By David Hennessy
The Trustees of Chorlton Irish Club, the future of which has been in doubt for some time, have spoken out following the announcement of the club’s sale about the nature of the club’s dire financial position and the smear campaign they have been the subject of.
The Irish World reported last month that Chorlton Irish Club had been saved by a sale that retains the club building while selling part of the car park to build affordable apartments.
In a statement the Trustees detail how they had to take control to assess the full scale of the club’s financial position only to find there were “insurmountable debts”.
With the threat of an “uncontrolled sale” from creditor takeover hanging over them, the Trustees negotiated with creditors to ensure a treasured asset was not lost to the community.
The Trustees also go on to say that, despite giving 150 years to the club between them, they have been the subject of ‘derogatory allegations and overzealous speculation’, saying “to be targeted in such a way remains hurtful, disrespectful and entirely unwarranted”.
Southway Housing Trust has bought part of the car park next to the community centre to build 29 affordable apartments in a deal that will see the building retained and allow the club to pay off its debts.
The Trustees say: “The deal raises funds to clear the present liabilities, discharge the securities held against the property, and complete the necessary repair works to the fabric of the building for its preservation.”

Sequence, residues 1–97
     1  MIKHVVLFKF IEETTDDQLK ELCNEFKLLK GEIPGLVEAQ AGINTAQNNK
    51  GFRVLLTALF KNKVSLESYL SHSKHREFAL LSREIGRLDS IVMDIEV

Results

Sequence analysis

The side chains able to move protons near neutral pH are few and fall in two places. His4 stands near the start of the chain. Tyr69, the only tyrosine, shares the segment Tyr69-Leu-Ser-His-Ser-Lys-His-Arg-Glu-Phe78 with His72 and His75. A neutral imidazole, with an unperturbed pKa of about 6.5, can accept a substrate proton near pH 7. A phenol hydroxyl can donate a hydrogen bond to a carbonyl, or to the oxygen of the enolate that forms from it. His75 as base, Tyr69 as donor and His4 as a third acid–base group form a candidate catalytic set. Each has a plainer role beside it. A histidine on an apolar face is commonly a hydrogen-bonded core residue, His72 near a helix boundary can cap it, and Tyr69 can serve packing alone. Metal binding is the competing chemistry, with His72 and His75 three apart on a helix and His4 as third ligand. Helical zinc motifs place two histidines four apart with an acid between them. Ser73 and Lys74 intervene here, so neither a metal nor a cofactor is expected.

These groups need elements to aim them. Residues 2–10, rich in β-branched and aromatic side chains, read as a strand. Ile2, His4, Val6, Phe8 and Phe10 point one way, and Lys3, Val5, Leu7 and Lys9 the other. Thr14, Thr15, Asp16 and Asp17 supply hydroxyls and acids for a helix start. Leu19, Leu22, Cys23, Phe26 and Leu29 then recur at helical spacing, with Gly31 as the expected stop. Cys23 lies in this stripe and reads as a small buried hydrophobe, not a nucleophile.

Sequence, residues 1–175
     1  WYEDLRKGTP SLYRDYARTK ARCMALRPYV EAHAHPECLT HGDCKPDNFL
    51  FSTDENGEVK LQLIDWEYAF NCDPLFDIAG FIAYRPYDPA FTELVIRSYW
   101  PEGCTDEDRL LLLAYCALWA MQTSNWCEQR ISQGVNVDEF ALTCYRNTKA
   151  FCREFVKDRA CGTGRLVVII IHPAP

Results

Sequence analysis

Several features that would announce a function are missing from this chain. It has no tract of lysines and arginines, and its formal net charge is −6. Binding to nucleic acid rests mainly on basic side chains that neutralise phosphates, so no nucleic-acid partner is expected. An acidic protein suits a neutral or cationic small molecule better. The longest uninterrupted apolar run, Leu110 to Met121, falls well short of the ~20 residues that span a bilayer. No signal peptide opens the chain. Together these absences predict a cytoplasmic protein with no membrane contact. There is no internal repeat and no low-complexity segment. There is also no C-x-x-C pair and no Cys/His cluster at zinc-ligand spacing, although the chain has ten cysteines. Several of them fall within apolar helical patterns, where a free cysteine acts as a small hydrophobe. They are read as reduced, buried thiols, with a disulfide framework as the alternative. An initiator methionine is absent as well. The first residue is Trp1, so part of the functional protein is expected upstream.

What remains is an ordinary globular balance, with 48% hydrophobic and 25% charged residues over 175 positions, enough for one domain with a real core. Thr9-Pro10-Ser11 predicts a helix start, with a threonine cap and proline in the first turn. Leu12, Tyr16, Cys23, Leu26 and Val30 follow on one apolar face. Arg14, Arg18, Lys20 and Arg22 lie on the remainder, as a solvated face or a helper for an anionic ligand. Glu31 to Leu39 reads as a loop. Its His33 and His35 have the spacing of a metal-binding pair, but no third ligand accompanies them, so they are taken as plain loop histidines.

The full statement from the Trustees reads: “Since December 2018, we have faced several litigious claims, brought personally against us, for debts that Club members and its former Committee are liable for.
“Due to the severity of matters, we intervened to ascertain the financial position of the Club. We discovered that no accounts had been filed for several years and there was no information available to audit or forensically establish what the position was. The Club had insurmountable debts and could be deemed insolvent. With the threat against the members imminent, we assumed responsibility to resolve matters.
“Facing the prospect of an uncontrolled sale from creditor takeover and losing a treasured asset, we negotiated some time with creditors by agreeing to market the property directly, but this time was limited. We used this opportunity to explore the possibility of retaining the Club premises, provided that enough proceeds could be generated to fully discharge all of the debts.
“During this period, it was surprising to find ourselves (and our families) the subject of derogatory allegations and overzealous speculation. This has largely been driven by disingenuous third party entities claiming to represent members, and acting under the guise of members interests, through various media and social media outlets. A significant number of these individuals are not actually members.
“Between us, we have provided close to 150 years of service to the Club so to be targeted in such a way remains hurtful, disrespectful and entirely unwarranted. It serves no benefit to the Association and its membership, and has offered nothing to resolve the matters we are faced with. These entities’ ambitions for political capital and commercial gain have only compounded matters and added to the financial burden to be discharged.
“Nevertheless, this is a time of good news and we shall not allow them to become the story.